The first thing that came to my mind when I started writing this text wasJung’s idea of a collective unconcious. He believed that there is a collective knowledgethat is known by every human being (unconciously, of course) and is beyond ourpersonal unconcious. In this text I will present two examplesabout collective memory in Hungary and hope to get a full picture about thephenomena.
Collectivememory (Roediger & Abel, 2015) is a recollection of past events shared by agroup of people, a society or a community. According to Maurice Halbwachs (Gyáni, 2012) collective memory is a particularknowledge that is not based on the rational information, therefore it confrontsthe classical historian way. These collective memories have an impact onthe present, modify the society, influences the collectivities, the rules andthinking of the people (Basabe, 2013). Although, the studying of collectivememory had been a topic of humanities, recent researches on the common memoryhave become empirical and can be studied objectively (Roediger & Abel,2015). Collective memory could be best measured and studied through thememories of wars. National cultures have been formed, shaped and developped byinter- and transnational impacts of cultural exchange and as a result,politics, socio-economy and culture have a legacy in the European collectivememories (Spohn, 2016). Collective memory as ‘the memory of the society’ dealswith how social groups (f.
ex. a nation, certain group of people) remember,rewrite, acknowledge the past actions. The recent researches have spread intothree directions (Basabe, 2013): 1) how was the social past constructed inorder to serve the present social attitude and norms, 2) what are the factorsthat allow a society to be amnesiac and social events in the past to beforgotten in the present (the events are safe from disappearance and have a formereffect on the collective memory if they were emotionally touching, had apersonal impact on the people, happened in one’s adolescent or early adulthoodor they made changes in the society), 3) what are the factors that leadrepressed.In Hungary (Gyáni,2012) WWI and the Treaty of Trianon was/is a serious issue.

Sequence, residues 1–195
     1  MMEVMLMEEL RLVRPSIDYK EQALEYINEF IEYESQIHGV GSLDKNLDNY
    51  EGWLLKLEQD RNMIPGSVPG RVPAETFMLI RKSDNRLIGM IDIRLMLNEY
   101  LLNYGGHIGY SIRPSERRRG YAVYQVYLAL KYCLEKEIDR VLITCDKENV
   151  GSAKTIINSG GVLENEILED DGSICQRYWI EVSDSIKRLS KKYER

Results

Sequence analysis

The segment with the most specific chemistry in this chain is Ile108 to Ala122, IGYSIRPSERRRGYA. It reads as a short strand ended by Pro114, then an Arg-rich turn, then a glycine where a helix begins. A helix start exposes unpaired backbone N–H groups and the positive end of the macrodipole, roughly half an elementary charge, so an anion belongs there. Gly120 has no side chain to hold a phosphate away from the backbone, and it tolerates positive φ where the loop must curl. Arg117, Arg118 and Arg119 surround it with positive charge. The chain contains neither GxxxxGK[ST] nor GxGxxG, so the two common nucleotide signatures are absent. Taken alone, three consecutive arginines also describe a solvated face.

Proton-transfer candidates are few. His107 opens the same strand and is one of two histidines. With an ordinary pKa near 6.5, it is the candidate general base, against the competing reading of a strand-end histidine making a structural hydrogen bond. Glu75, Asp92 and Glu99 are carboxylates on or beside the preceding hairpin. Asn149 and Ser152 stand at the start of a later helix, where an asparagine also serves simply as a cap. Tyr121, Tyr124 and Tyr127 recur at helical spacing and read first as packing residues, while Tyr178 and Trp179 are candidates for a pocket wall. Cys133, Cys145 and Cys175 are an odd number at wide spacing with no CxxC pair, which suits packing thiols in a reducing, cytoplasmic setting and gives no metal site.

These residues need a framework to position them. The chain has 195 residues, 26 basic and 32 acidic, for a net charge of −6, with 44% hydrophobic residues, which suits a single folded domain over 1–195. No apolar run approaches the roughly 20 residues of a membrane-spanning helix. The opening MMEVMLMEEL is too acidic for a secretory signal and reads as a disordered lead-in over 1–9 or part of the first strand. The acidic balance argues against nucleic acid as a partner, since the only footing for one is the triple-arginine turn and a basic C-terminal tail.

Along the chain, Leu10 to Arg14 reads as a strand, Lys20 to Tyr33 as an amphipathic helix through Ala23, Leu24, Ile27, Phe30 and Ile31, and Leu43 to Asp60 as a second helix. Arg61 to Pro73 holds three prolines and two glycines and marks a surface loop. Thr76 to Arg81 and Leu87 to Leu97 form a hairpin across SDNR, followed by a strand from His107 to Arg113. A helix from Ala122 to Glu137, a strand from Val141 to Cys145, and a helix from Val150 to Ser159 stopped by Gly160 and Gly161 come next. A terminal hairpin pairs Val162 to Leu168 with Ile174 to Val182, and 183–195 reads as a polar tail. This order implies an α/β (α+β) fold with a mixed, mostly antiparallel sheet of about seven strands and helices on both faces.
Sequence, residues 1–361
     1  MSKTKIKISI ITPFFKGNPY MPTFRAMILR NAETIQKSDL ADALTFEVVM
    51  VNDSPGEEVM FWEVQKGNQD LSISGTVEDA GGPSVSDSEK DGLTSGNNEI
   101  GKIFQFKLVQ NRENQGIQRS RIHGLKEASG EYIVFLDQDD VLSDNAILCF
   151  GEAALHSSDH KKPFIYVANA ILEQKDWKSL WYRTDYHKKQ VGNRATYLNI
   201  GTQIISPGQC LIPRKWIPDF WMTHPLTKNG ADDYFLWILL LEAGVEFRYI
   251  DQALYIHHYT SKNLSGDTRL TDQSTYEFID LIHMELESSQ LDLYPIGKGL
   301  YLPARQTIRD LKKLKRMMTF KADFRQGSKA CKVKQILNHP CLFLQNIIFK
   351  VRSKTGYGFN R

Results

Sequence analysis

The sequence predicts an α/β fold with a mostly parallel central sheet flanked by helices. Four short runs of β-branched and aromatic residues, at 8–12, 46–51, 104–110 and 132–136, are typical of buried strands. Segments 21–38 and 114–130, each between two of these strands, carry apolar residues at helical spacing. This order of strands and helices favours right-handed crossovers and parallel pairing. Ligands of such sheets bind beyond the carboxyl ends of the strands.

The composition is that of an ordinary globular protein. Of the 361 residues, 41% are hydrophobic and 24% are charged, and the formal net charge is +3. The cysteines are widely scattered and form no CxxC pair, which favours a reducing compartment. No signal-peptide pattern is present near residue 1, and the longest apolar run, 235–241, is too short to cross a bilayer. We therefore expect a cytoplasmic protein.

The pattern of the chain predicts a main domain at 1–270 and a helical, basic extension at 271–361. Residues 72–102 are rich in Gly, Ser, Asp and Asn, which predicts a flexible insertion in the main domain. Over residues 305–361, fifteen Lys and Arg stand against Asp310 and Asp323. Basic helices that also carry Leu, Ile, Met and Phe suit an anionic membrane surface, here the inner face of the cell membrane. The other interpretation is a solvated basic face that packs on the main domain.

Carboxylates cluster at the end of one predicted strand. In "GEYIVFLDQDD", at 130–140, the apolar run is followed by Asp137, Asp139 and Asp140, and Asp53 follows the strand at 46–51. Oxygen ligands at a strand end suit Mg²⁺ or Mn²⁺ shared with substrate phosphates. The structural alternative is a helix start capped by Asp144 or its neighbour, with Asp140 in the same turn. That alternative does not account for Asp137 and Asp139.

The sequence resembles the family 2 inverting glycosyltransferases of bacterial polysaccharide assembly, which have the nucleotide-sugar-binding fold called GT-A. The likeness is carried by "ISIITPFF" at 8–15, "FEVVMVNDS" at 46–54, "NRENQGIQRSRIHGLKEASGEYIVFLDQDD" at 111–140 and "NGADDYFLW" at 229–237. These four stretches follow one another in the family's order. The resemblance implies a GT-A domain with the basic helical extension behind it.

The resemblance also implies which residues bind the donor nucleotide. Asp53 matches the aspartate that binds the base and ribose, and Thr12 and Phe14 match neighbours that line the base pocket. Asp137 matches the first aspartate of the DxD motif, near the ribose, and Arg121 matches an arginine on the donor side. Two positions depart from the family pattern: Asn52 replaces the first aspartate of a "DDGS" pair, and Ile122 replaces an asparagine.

The treaty definedthe new borders of an independent Hungary. 72% of the pre-war territory and 64%of the pre-war population was lost according to the statement, moreover Hungaryhad to pay war reparations for the neighbouring countries. On the whole,Trianon has an outstanding position in the Hungarian national identity calledthe Trianon-syndrome. Politicians, mostly the extreme right-winged partymisuses this common memory and promises the people to fight for the lostterritories of the Hungarian Kingdom. Suprisingly, almost after a hundred yearsthis ‘plan’ is still working among thousands of people.According toa research (László & Fülöp, 2011) on national identity and victimhoodemotional pattern of the collective victimhood plays a main role as part of thenational identity. Collective emotions appear when our group receives positiveor negative impulses.
In this study Hungarian participants were faced withshort intergroup stories of conflicts from the Hungarian history. Half of thetime they were victims while the other half of the time they played theperpetrators. After each story the test persons had to choose two emotions froma list of emotions, one for themselves and one for their groups. The similarity,the quantity and the correlations between felt and attributed emotions werealso measured and analyzed. Consequently, collective memory isfigured by past events and the emotions we link with these acts.
Collectivitiesare part of the common sense, they are strong and change slowly, such asstereotypes and norms of a country or society. We have to control thesecollective memories so they will not do the same with us.